David Cameron, Ed Miliband, and Nick Clegg have taken the highly unusual decision to cancel Wednesday's Prime Minister's Questions and head to Scotland to campaign against the break-up of the United Kingdom.
As the polls showed that momentum is with the Yes vote, the leaders of the three main UK-wide parties, who all oppose Scottish independence, issued this rare joint statement:
"There is a lot that divides us – but there's one thing on which we agree passionately: the United Kingdom is better together.
"That's why all of us are agreed the right place for us to be tomorrow is in Scotland, not at Prime Minister's Questions in Westminster.
"We want to be listening and talking to voters about the huge choice they face.
"Our message to the Scottish people will be simple: 'We want you to stay.'"
David Cameron has previously kept away from campaigning in Scotland on the issue, fearing his unpopularity north of the border would only boost the pro-independence side.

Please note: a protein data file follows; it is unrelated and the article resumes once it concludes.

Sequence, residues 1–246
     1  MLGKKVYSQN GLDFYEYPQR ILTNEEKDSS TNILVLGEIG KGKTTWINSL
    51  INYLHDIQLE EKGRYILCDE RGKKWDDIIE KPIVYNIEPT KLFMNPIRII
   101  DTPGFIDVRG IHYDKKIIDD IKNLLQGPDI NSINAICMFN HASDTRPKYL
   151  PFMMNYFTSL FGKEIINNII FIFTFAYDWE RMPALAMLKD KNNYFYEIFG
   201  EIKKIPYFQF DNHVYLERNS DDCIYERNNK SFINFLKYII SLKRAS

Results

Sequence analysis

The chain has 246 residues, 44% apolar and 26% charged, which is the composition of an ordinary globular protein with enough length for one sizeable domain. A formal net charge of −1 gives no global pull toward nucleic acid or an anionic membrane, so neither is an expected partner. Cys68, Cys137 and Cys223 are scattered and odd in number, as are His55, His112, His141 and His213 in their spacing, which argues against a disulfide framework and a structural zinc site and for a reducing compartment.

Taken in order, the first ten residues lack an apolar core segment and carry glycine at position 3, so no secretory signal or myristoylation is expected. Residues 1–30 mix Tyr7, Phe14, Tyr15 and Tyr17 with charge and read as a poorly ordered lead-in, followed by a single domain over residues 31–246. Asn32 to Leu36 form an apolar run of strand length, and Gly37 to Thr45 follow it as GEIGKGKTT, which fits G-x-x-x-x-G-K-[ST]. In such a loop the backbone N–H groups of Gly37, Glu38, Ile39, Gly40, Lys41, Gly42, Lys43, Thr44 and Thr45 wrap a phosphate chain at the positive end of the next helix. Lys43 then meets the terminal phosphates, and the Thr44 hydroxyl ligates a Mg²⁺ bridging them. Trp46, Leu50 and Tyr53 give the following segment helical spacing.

The prime minister had not been due to campaign to keep the union together until next week, just before the actual referendum.
But with opinion polls showing consistent gains for the Yes vote, he and the other party leaders made the collective decision to head to Scotland to campaign separately to maintain the union.
On Tuesday, a poll from TNS found that the Yes Scotland and Better Together campaigns are neck-and-neck, with a substantial number of Scots saying they will certainly vote but remain undecided on the small matter of which side to back.
This follows Sunday's YouGov poll, which gave Yes a narrow lead for the first time with just days to go until the vote.
Jim Waterson is a politics editor for BuzzFeed News and is based in London.
Contact Jim Waterson at firstname.lastname@example.org.
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